A friend once said ‘wow, you’re a true “renaissance woman“‘. I was mildly offended because I automatically assumed that that meant “old”. That said, I then turned to Google to ascertain exactly what that meant…(and then I thanked her for the lovely compliment…)
“A woman who has broad intellectual interests and is accomplished in areas of both arts and sciences”.
The words resonated with me, as for the first time in my 50 years, I could adequately define the loves of my life.
As a child, growing up in steel town Hamilton Ontario in the 60’s, I’d thought that the love of arts and sciences was something that was uniquely ‘Italian’ and not necessarily attributed to women. After all, there were carpenters and artisans who made beautiful homes and helped to build our city, and at the same time, many of them had dual loves and spent their days working in the steel mills to support their true passions of agriculture, art and architecture at home.
Back in the old country, these men had taken their inspiration from some of the great masters like DaVinci, Michelangelo, Gallileo, and of course Dante, who made amazing contributions to both disciplines.
Growing up, I always questioned why the women were not made more examples of? After all, they were equally skilled in the arts and sciences. One renaissance woman who sticks out in my mind was my Grandmother ‘Nonna Filomena’ or “Nonna Mena” as I called her. She was a miller’s daughter, who learned the process of making olive oil from scratch, who learned to colour the first commercially available fabrics in her town, and who could sew the most beautiful vestments out of those fabrics. Her needlework surpassed that of most women and she soon became the ‘dowry-mistress’ in town. The local ‘Lady’ who taught the art of fine needlework, of bobbin lace making (almost a a lost art) and precision embroidery to local young women, and brides-to-be. She could often command a high commission and projects sometimes took over a year to complete.
Nothing today beats her table settings of twelve, with beautiful embroidered tablecloths and hand-stitched trimming on embroidered napkins adorning the Christmas or Easter Buffet. It’s like my Nonna is still with us and it fills our hearts.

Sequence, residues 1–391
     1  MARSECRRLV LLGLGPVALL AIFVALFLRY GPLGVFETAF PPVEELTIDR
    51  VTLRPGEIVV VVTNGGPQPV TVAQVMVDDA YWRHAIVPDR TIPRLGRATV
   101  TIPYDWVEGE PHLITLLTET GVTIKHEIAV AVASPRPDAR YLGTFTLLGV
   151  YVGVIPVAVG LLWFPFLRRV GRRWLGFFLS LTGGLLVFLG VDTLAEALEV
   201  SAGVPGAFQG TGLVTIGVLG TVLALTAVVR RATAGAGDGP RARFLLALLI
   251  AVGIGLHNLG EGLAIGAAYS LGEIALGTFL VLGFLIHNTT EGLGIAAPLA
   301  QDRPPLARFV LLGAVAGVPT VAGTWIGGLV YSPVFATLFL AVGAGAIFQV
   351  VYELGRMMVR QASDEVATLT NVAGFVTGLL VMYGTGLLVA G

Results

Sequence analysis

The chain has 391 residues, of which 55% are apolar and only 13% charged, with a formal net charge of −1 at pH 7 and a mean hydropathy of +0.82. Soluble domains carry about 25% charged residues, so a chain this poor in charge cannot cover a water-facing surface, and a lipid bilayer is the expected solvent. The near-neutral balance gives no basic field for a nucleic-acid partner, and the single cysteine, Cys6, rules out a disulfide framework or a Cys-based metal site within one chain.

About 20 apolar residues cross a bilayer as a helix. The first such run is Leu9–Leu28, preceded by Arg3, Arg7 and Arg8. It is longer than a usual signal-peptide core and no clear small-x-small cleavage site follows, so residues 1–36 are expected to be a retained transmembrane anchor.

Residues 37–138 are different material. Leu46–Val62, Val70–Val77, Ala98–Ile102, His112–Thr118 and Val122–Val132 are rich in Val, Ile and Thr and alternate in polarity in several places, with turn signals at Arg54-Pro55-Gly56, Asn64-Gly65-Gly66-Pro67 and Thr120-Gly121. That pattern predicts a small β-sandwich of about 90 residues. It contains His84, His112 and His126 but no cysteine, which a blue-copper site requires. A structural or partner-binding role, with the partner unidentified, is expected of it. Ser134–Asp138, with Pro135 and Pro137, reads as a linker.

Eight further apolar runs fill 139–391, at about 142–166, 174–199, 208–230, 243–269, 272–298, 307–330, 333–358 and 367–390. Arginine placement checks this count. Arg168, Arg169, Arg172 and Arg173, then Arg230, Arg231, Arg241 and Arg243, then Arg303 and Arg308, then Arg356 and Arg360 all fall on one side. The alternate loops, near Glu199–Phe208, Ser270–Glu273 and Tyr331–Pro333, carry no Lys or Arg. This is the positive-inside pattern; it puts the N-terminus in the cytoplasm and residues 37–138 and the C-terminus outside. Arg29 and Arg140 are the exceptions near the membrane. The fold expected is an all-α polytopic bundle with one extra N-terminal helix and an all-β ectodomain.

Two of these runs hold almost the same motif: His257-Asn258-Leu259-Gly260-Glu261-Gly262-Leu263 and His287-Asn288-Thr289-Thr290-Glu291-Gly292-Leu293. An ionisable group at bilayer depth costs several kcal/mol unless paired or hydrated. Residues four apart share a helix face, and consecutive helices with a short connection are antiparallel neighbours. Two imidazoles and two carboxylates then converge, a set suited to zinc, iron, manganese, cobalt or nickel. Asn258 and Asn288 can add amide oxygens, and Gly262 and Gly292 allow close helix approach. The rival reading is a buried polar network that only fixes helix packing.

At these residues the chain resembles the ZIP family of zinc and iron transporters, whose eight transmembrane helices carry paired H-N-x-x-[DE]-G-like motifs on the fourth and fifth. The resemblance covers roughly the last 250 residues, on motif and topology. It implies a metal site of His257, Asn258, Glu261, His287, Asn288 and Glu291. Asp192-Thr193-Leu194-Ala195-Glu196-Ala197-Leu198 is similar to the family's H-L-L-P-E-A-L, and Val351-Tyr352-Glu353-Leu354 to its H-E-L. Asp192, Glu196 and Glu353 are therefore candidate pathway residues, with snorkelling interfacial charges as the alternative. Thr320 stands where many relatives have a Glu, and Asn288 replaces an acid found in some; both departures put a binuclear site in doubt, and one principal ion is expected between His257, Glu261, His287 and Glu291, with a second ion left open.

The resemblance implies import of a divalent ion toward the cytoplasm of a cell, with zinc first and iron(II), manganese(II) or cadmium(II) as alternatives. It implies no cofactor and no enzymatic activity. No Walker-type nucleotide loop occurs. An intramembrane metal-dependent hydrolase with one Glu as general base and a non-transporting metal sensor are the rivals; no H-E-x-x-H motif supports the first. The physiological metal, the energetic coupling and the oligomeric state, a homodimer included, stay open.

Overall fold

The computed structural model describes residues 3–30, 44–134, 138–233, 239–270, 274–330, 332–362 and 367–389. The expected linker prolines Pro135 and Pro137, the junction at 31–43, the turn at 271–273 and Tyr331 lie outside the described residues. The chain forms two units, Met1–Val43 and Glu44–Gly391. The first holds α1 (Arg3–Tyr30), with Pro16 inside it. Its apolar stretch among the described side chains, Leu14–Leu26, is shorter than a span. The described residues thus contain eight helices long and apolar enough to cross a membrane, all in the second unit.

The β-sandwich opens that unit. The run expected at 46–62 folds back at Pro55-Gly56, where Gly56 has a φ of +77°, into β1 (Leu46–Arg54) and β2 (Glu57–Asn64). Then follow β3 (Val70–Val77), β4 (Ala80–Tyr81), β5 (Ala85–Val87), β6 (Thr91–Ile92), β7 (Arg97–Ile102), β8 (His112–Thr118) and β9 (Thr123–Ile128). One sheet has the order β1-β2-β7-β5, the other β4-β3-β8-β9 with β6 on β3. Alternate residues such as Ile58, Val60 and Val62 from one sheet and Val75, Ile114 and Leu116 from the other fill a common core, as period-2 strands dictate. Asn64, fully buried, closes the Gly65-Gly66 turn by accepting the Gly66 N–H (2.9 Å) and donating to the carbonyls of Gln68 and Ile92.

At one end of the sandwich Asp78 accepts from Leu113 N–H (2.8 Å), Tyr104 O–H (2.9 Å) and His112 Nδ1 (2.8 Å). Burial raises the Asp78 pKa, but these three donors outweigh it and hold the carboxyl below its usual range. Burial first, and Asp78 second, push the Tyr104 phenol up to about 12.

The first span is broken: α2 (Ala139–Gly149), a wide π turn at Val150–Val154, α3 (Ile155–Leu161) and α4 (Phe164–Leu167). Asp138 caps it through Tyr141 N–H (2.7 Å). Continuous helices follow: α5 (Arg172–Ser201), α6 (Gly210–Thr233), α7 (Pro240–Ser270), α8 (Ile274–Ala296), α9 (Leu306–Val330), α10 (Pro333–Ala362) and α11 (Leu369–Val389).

Then, of course, my mother ‘Lina’, who came to Canada in 1958 at the age of 29 with two young children in tow. She descended from a long line of cobblers, seamstresses and tailors. She can still sew like the dickens even at 85.
A few years back when I worked as an engineer at the local steel mill, I was invited to attend the annual shareholders meeting for our company. Our Vice President (a woman) came to me, took me by the elbow and whispered In my ear ” my dear” she said, “where did you get that lovely dress”? I looked at her and said “Joan, I’m 42 years old, and my mother still sews my clothes for me”.
At that moment, I’d felt so blessed to have such a wonderful, giving, and talented mother.
One of her greatest passions however is to cook, and especially bake. Her cream puffs are to die-for, as is her Easter Pastiera ( a baked rice pudding pie we will post later) and both Sicilian and Venetian Cannoli made with 60 year old hand made wooden forms.
Through my years growing up, I’ve often said she can rival the worlds greatest chefs. She is my own personal ‘Lidia Bastianich’ only with a twist. We call her ‘Nonna’, not ‘Granma’. And tomato sauce is called ‘Sugo’ not ‘Gravy’.
Then of course there is my best friend in life and ultimate confidant ‘ my sister ‘. She is who I truly dedicate this endeavour to, for I have always thought of her as a gifted artist, teacher, and sister/mother who has a lot to teach the world….who at the age of 13 could take care of a 3 month old baby while her mother went to work. Who could make chicken soup from a whole chicken and feed a family of five. Who ironed, cleaned and made her own clothes and who could do this having never attended brownies or guides.
In these pages you will be exposed to some of her wonderful recipes, and beautiful artwork. You will experience some nostalgic stories as well as share some of your own and lastly you will be exposed to our ‘online museum’ of works of art from some of the great Italian Mistresses of the past’. I have come to learn about, and honour these women who have inspired so much of what is sought after in art and science and culture today.
Abbracci e Benvenuti to our Italian Sisters!